Check the Bins
The Goodwill stores in my area have bins that are gold mines of cool stuff. Visiting the Goodwill bins is almost like Christmas for me. I never know what I’ll find.
Everything in the bins is $1.49 or less. Looking through the bins is time-consuming. I do a lot of searching to find a few great items, but it’s worth it. I’ve found quite a few clothing items in excellent condition – some even new with tags still on them – in bins.
Wear Slip-On Shoes
If you have any interest in looking at shoes in a thrift store, be sure to wear Crocs or some other type of shoe that slips on and off easily. Wear or take socks or nylons with you.
Know What You Can and Can’t Repair
When it comes to clothing, it amazes me how often I’ll find a name brand sweater for around $4 in a thrift store that just needs a good shave. It leaves the store looking terrible. I’ll spend 15 to 30 minutes shaving it and end up with a sweater in excellent condition.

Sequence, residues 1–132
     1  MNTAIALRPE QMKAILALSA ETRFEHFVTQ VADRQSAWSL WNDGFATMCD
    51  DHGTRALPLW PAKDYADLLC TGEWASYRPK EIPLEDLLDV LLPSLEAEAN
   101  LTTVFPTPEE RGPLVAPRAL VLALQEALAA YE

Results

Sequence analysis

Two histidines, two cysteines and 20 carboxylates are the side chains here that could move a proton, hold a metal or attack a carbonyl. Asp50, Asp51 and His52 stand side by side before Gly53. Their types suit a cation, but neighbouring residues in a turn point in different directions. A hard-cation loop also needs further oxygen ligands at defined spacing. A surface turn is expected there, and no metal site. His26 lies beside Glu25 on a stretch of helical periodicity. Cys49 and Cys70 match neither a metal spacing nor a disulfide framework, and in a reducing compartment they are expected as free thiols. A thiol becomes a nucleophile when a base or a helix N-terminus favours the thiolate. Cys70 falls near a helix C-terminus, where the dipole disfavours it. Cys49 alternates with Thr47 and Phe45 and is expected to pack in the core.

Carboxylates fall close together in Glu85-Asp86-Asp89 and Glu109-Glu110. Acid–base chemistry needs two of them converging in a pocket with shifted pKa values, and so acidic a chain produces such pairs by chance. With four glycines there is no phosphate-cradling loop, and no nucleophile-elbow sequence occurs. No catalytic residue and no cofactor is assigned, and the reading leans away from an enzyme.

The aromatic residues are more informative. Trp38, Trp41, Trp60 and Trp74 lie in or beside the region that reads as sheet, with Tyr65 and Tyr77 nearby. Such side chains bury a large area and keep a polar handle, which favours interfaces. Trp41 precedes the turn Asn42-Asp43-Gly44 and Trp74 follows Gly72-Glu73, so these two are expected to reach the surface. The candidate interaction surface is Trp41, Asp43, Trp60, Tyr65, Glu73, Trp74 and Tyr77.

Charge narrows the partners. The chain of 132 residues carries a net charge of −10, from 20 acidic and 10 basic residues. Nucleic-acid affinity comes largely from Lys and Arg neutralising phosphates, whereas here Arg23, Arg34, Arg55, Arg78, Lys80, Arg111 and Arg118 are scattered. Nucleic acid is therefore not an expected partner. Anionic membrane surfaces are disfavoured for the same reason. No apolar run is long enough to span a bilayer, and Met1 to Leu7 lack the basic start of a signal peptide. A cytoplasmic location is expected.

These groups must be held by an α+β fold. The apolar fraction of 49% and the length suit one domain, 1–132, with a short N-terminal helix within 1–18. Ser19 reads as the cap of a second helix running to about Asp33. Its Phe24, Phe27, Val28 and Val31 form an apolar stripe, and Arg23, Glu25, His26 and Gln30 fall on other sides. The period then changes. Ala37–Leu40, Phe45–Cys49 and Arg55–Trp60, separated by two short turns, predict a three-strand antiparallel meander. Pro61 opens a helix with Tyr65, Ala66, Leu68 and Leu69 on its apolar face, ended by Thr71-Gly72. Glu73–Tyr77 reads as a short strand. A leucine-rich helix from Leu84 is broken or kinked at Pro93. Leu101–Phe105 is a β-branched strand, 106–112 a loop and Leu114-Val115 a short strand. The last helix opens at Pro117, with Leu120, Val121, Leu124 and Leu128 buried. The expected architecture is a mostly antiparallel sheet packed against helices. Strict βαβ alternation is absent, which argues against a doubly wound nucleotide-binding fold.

Most thrift stores don’t knowingly sell broken toys or electronics, but you’ll find clothing all the time that isn’t up to snuff. Here’s my list of what can and can’t be fixed when it comes to thrift store clothing.
- Remove balls from sweaters.
- Repair minor tear along a seam.
- Remove a non-ink stain on white fabric (with a Clorox Bleach Pen).
- Do anything about faded, worn looking clothing.
- Repair tears that aren’t along seams or major rips anywhere.
- Remove stains on non-white fabric.
- Remove any ink stains. Once it’s been washed and set into the fabric, ink isn’t going anywhere.
Know When to Shop
For many thrift stores, shopping early on weekdays is key to getting the best stuff. Weekdays are also when people with a lot of time on their hands, such as retirees, glean the prime products.